Keep tax credits for research

Treasury Secretary Henry Paulson is launching a new initiative to reform the U.S. corporate tax code. Based on a new Treasury report it appears that his goal is a simple one: eliminate a whole slew of deductions and credits and use the savings to lower the corporate rate. But in his zeal for the holy grail of tax codes — a low rate with no deductions — he risks throwing out the baby with the bathwater. In particular, by suggesting that the research and experimentation (R&E) tax credit be eliminated to fund rate reduction, he risks eliminating one of the most effective components of the corporate tax code and a provision that drives growth, innovation and U.S. competitiveness.

Economists have long argued that, left to the market alone, business will under-invest in research. This is because the benefits of research spill over to other firms and society as a whole, so that the firms investing don’t capture all the benefits. Economists have found that the private sector invests about half in research and development (R&D) than is optimal for society.

Even thought the Treasury report acknowledges that spillovers “may” exist, it questions the effectiveness of the research credit. Yet, there is near unanimity among economists that the credit is a cost-effective tool that spurs at minimum one dollar of private sector research investment for every tax dollar forgone.

In framing its proposals the report rightly focuses on the international competition America faces, advising, “Maintaining our competitiveness in today’s global environment requires us to think comprehensively and act prudently.” But paying for a lower corporate tax rate by jettisoning the R&E tax credit will only hurt our competitiveness. As economists Nick Bloom and Rachel Griffith found, R&D in one country responds to a change in its price in another “competitor” country. Eliminating the credit would mean that R&D would migrate to other nations with more generous tax treatment. In contrast, eliminating the credit would raise taxes for R&D-intensive companies competing intensely in global markets while reducing taxes on other industries, many that face little or no international competition (such as retail, consumer banking and healthcare).

Paulsen argues that we need to match other nations’ actions. But he overlooks the fact that while some other nations were lowering their corporate tax rates, they were also increasing their R&D tax incentives.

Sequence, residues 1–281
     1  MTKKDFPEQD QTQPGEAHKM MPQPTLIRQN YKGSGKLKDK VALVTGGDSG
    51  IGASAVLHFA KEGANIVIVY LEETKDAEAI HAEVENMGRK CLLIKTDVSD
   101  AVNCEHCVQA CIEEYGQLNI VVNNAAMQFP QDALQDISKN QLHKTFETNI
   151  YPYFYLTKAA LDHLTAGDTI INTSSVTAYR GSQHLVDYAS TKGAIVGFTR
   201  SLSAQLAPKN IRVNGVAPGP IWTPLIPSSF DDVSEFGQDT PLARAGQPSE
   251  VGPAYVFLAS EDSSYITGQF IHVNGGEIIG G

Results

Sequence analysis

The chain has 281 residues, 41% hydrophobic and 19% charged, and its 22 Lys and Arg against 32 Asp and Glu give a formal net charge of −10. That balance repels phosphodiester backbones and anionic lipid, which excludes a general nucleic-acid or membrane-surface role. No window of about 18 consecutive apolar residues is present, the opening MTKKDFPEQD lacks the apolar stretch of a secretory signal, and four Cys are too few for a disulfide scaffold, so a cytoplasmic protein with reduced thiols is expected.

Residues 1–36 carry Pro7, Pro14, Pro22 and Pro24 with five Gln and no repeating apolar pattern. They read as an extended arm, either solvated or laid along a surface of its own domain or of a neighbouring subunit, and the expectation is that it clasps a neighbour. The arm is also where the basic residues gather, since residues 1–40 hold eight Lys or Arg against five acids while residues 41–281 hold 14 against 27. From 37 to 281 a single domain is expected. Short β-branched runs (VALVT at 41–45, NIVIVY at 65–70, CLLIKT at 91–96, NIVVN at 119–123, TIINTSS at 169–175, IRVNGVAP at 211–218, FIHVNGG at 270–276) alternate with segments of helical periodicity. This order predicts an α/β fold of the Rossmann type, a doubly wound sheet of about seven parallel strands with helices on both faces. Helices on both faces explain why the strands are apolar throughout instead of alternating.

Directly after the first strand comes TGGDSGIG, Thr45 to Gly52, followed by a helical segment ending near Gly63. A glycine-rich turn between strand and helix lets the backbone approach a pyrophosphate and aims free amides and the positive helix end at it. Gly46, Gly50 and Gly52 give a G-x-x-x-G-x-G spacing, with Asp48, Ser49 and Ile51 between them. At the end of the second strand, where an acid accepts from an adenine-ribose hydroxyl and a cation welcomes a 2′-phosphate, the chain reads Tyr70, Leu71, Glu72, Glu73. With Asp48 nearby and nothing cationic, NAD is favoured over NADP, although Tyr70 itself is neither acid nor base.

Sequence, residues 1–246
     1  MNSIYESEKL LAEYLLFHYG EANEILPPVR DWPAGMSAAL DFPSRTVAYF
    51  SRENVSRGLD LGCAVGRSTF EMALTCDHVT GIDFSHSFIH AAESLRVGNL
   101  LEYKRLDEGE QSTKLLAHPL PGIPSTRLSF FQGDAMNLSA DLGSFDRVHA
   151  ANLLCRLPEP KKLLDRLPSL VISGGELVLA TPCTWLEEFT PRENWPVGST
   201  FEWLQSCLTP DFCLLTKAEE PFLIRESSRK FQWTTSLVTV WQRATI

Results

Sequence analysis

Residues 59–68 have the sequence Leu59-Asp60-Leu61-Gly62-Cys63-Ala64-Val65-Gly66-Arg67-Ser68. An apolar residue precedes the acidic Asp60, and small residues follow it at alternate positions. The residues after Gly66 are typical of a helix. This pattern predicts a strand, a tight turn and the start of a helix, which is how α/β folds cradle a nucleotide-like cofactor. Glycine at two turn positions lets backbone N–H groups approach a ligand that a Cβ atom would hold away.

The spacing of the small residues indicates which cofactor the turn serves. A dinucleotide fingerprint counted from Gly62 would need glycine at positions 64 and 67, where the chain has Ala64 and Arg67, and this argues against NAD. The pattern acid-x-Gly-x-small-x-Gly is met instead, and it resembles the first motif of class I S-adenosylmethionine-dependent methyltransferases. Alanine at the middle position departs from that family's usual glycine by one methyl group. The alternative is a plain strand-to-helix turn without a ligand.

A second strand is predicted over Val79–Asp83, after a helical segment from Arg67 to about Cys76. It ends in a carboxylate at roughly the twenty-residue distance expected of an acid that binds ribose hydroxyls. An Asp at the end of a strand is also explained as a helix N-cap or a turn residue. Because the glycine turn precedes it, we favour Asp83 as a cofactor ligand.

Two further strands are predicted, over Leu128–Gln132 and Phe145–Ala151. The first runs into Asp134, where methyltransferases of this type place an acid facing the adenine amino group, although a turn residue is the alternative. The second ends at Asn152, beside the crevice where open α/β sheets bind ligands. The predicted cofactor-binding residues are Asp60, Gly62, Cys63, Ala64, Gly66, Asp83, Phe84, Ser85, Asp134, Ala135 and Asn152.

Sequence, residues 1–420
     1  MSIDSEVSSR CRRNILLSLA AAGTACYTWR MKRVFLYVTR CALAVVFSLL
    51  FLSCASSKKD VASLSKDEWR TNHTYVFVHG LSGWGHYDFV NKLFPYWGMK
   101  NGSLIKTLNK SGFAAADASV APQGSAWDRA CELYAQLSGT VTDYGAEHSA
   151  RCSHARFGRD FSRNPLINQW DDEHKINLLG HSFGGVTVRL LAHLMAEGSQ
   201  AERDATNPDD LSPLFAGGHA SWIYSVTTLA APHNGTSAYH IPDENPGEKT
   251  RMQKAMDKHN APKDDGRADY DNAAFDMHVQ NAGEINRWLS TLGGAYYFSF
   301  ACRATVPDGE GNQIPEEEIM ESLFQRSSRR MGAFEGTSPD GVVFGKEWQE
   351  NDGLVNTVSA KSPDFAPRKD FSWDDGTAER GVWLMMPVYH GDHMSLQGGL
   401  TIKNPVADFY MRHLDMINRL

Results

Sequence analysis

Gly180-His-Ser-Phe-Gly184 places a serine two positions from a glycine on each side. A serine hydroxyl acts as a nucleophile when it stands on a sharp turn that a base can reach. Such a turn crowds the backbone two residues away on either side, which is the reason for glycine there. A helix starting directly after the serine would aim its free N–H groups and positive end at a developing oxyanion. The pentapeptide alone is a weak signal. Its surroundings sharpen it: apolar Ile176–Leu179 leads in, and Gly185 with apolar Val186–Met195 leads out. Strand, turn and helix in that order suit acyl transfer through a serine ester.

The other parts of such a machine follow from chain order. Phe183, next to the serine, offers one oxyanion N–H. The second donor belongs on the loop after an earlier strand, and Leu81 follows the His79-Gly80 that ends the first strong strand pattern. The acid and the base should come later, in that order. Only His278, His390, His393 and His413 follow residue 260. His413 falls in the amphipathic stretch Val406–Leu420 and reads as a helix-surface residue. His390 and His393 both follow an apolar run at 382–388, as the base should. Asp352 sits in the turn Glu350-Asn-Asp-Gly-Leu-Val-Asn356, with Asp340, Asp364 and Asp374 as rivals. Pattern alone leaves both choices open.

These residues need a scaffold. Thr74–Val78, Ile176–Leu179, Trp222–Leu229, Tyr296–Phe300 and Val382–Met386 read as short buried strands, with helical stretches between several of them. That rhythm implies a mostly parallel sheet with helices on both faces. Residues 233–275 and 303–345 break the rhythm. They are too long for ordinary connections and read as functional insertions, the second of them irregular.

Why does the secretary want to kill such an effective and needed tax policy tool?  The answer lies in the fact that the lion’s share of economists at Treasury, and in much of Washington’s economic-policymaking circles, are “neo-classical” economists who focus on one major goal: maximizing “allocation efficiency.” Allocation efficiency refers to a state whereby all economic decisions are made on the basis of the marginal costs and benefits to those involved. Taxes, by their very nature, distort allocation efficiency, and taxes that favor or burden particular activities distort it even more. This is why neo-classical economists — conservative or liberal — worship at the altar of a tax code with low rates and few distortions.

But where the neo-classicalists go wrong is by giving short shrift to two other key factors: productive efficiency and dynamic efficiency. Productive efficiency is the ability of organizations to produce in ways that lead to the most amount of output with the fewest inputs. Adaptive efficiency is the ability of organizations to change over time, in part by developing and adopting technological innovations.

So, Paulson is right: Tax incentives like the R&E credit “distort” the market.  But he is wrong in saying that this distortion would outweigh the benefits. In fact, the innovation and productivity spurred by the additional R&D that the credit produces vastly exceed any minor losses from “misallocation” of economic resources.

Atkinson is president of the Information Technology and Innovation Foundation.